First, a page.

Take the 2-minute tour ×
Stack Overflow is a question and answer site for professional and enthusiast programmers. It's 100% free, no registration required.

What is the best practice for storing password and API keys with Chef? It's really tempting to store database passwords, AWS api keys, and other sensitive credentials as Chef Server Attributes for use in recipes -- but what about security considerations? What's the best practice for this?

share|improve this question
Why was this question down-voted? It seems like a legitimate issue. –  erikcw Dec 13 '10 at 17:28
Probably because someone thought it goes on ServerFault, since it isn't programming related. –  jtimberman Dec 25 '10 at 22:47

4 Answers 4

From the #chef IRC channel, many people store this kind of data in a data bag on the chef server.

For example, a data bag might be 'aws', with an item 'main', referring to the primary AWS account. Separate keys in the item would be for each particular value. E.g.:

  "id": "main",
  "aws_secret_key": "The secret access key",
  "aws_access_key": "The access key"

You may also be interested in encrypted data bags. I wrote about them in more detail for managing postfix SASL authentication.

Update: I've written blog posts about Chef Vault on my blog and sysadvent.

share|improve this answer

This question is old and has no accepted answer, however, the correct answer to this question is that Chef allows the use of Encrypted Data Bags for storing sensitive data in Data Bags.

share|improve this answer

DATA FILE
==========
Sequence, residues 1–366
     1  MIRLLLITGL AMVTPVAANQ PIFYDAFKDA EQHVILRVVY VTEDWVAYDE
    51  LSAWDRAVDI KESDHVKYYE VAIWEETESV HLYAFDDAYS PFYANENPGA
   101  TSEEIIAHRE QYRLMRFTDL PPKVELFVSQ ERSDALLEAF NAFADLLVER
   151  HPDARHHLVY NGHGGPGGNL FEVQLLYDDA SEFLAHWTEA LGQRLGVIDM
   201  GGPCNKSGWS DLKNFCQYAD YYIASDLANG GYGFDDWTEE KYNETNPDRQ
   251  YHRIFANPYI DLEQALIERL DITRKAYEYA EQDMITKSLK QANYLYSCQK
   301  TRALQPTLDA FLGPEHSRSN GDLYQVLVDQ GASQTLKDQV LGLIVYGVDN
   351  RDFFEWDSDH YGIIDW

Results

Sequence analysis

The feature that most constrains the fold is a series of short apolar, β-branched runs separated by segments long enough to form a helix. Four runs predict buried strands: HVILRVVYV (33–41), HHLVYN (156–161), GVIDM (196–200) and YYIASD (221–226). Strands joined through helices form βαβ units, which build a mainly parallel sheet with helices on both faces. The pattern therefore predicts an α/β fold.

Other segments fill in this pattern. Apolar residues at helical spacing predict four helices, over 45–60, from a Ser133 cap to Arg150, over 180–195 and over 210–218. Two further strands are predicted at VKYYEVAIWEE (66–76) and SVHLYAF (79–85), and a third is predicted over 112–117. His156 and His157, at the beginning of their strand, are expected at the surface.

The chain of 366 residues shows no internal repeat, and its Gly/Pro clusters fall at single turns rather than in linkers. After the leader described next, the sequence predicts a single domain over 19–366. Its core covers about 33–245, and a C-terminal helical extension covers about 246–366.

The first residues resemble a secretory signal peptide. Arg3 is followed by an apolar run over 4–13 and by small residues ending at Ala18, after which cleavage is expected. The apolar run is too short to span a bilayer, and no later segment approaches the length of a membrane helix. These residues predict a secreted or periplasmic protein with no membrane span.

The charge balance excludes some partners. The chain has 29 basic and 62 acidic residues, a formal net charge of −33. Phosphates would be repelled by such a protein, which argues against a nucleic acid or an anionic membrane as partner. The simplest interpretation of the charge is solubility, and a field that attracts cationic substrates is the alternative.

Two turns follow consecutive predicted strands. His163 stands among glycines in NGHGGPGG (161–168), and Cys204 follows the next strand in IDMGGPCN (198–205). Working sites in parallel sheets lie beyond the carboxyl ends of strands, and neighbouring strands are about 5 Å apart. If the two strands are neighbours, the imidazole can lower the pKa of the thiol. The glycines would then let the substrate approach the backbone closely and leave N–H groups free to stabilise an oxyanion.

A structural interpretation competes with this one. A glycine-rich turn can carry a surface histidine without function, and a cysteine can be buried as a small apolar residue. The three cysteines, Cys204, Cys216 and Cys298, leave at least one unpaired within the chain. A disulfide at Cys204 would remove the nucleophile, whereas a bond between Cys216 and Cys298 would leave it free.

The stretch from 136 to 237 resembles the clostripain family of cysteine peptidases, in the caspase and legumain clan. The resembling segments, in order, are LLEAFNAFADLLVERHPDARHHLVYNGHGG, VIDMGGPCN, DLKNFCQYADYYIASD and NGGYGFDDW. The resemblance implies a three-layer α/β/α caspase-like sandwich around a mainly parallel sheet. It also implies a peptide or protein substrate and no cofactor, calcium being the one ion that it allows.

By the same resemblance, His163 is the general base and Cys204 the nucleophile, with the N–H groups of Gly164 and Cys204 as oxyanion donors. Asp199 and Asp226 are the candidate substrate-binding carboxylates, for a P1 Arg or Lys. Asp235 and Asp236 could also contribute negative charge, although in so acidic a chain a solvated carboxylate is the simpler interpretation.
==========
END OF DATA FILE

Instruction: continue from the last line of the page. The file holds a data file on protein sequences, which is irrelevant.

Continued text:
Chef Encrypted data_bags is indeed a legitimate solution. Adding to that, you can also use a ruby Gem that allows you to encrypt a Chef Data Bag Item using the public keys of a list of chef nodes. This allows only those chef nodes to decrypt the encrypted values. cf. https://github.com/Nordstrom/chef-vault

share|improve this answer
chef-vault is a great way to store passwords securely! –  StephenKing Oct 22 '13 at 10:55

I've never tried databags, but that's probably because I find everything apart from chef-solo a little too complicated. Which is why I'm using chef recipies with a service called Scalarium.

So the issue with passwords, or e.g. private keys and all kinds of other credentials is a pretty tough one. I too have a bunch of recipes where passwords need to be created, or set correctly.

Usually what I do is, I specify what the scalarium folks call custom json. This json is similar to the node.json some people give to chef-solo using chef-solo -j node.json.

So e.g. in my custom json on Scalarium web interface, I have the following:


What this does is, my super secure password is available during my chef run in node[:super_secure_password] and I can use it in recipes or templates.

This works fine as long as I only deploy my server using Scalarium but we also use our recipes in local vagrant boxes for a development environment and easier testing. And when I use vagrant (or even chef-solo by itself), I don't have access to the custom json on Scalarium.

This is what I do to fix that, in my_recipe/attributes/default:

set_unless[:super_secure_password] = "test123"

This means that when my recipe is run outside of scalarium, the password is still available in node[:super_secure_password] and my recipes work and so on. When the recipe is executed in the scalarium context, it will not override what they provide.

share|improve this answer

Your Answer


By posting your answer, you agree to the privacy policy and terms of service.

Not the answer you're looking for? Browse other questions tagged or ask your own question.